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C# .Net: Fastest Way to check if a string occurs within a string

Using C# .Net: Fastest Way to check if a string occurs within a string.

This will examine many techniques to determine in C# .Net: Fastest Way to check if a string occurs within a string.

 

The Background:

How many of us C# programmers have had to check if a string is contained within another string? A simple match. We don’t care how many times it may exist, we only want to know if it does.

There are numerous native C# methods for doing this: String.Contains(), String.IndexOf(), through Regex regular expressions, and similar options for those programmers obsessed with LINQ.

So that’s when this curious consultant started wondering… what is the fastest way to test and see if a string is contained within another string?

 

The Set Up:

I wrote a C# Console application to test 16 different search techniques: 8 single threaded loop; 8 multi-threaded parallel.for loop.

 

The code is written in Visual Studio 2012 targeting .Net Framework version 4.5 x64. The source code is available at the end of this blog so you can benchmark it on your own system if you wish.

 

In a nutshell, the code does the following:

1) Creates an array of random strings that will serve as the strings to be searched using the System.Web.Security.Membership.GeneratePassword method. We’ll call these “A”.

2) Creates an array of random strings that will serve as the strings being searched for using the System.Web.Security.Membership.GeneratePassword method. We’ll call these “B”.

3) Executes the techniques to see if any of the search strings occur in the strings to be searched. The techniques are as follows:

#

Technique

Code Snippet

T1

A common counting method

T2

splitting each string in A by string B and counting the results.

T3

C#’s String.Contains() method.

T4

C#’s String.IndexOf() method

T5

Using Contains() on a LINQ query

T6

Using IndexOf() on a LINQ query

T7

C#’s Regex.IsMatch() method

T8

AsParallel() with Regex

T9

T1 implemented with a Parallel.For construct

T10

T2 implemented with a Parallel.For construct

T11

T3 implemented with a Parallel.For construct

T12

T4 implemented with a Parallel.For construct

T13

T5 implemented with a Parallel.For construct

T14

T6 implemented with a Parallel.For construct

T15

T7 implemented with a Parallel.For construct

T16

T8 implemented with a Parallel.For construct

4) The sum from adding up the number of times a match is found is displayed along with the execution time

5) The arrays are cleared out and deleted being the responsible programmer I am. 🙂

 

The code assumes all tests will happen with no exception testing because I’m just wanting to test the raw speed of finding a string in a string. There may be other techniques, but I think these are the most common. However, if you have a great alternative solution, please post!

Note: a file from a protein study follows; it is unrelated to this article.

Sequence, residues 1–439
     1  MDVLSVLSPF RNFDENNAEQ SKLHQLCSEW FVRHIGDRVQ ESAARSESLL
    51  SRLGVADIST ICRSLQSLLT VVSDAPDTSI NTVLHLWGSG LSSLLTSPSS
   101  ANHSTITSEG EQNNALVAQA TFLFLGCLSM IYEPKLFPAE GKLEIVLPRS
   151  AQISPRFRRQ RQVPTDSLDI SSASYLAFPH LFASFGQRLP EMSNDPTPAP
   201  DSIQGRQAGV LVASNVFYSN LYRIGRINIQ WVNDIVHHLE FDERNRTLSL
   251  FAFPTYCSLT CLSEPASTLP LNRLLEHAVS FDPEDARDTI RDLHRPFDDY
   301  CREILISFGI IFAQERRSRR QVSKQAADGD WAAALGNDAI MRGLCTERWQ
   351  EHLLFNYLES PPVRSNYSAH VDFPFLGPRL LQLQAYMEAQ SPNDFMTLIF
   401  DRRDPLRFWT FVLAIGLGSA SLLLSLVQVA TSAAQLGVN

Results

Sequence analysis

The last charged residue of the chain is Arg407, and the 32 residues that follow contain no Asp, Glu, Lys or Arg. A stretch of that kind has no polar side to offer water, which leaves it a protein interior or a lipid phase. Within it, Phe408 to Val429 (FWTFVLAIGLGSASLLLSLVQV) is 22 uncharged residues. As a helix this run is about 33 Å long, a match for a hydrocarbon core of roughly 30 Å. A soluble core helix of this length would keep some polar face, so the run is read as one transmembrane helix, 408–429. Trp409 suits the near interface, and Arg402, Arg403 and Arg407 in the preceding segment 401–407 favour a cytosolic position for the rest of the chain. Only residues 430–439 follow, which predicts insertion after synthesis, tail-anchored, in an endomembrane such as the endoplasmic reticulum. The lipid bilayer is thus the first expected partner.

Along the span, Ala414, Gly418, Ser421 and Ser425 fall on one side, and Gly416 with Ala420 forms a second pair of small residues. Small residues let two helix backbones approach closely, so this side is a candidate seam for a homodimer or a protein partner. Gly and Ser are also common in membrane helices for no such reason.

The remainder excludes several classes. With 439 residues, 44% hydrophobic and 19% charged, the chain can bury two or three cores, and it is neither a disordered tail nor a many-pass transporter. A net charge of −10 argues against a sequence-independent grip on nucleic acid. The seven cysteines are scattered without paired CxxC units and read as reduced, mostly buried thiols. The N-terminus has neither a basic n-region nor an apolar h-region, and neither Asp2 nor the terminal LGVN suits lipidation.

The exe file was installed and run on an Alienware M17X R3 running Windows 7 64-bit with 16 GB memory on an i7-2820QM processor.

 

The test was run for each technique over the following number of comparisons:

  • Searching for 1 string in 5,000, 25,000, 100,000, and 1,000,000 million strings.
  • Searching for 100 strings in 5,000, 25,000, 100,000, and 1,000,000 million strings.
  • Searching for 1000 strings in 5,000, 25,000, 100,000, and 1,000,000 million strings.

 

In regards to the last two bullet points, I do realize though that in most cases, programmers are only going to test if 1 or 2 strings occur in another string. But:

1) We’re having fun aren’t we?

2) Why not?

 

Off To The Races!

Before starting, my hypothesis was that I expected the custom counting method to be the winner in both the single and multi-threaded groups since it generally does perform the best whether counting substring occurrences in strings or characters in strings. It’s amazing how fast and versatile this method is.

 

All times are indicated in hours:minutes:seconds.milliseconds format. Yes, some took over an hour! The lower the number, the faster the technique performed.

Green cells indicate the winner(s) for that run.

Yellow cells indicate the second runner(s) up.

 

Searching for 1 string in each of

5,000

25,000

100,000

1,000,000

T1: Common Counting

0.00

0.00

0.0100000

0.0690040

T2: Count Split String

0.00

0.01

0.0300001

0.2390137

T3: String.Contains()

0.00

0.00

0.0100000

0.1190068

T4: String.IndexOf()

0.00

0.00

0.0200000

0.1220070

T5: Linq.Contains()

0.00

0.00

0.0100000

0.0880050

T6: Linq.IndexOf()

0.00

0.0100001

0.0100001

0.1200069

T7: Regex.IsMatch()

0.01

0.01

0.0500000

0.5340306

T8: AsParallel() with Regex

0.1090063

0.5928010

2.4271172

28.0040902

T9: T1 using Parallel.For

0.04

0.00

0.00

0.0220012

T10: T2 using Parallel.For

0.00

0.01

0.0100000

0.0770044

T11: T3 using Parallel.For

0.00

0.00

0.0100001

0.0240014

T12: T4 using Parallel.For

0.00

0.00

0.00

0.0340019

T13: T5 using Parallel.For

0.00

0.00

0.0100000

0.0920053

T14: T6 using Parallel.For

0.00

0.00

0.0100000

0.1210069

T15: T7 using Parallel.For

0.00

0.02

0.0600001

0.5930339

T16: T8 using Parallel.For

9.5066852

0.9984017

4.1209639

02:40.4553675

 

Searching for 100 strings in each of

5,000

25,000

100,000

1,000,000

T1: Common Counting

0.0310018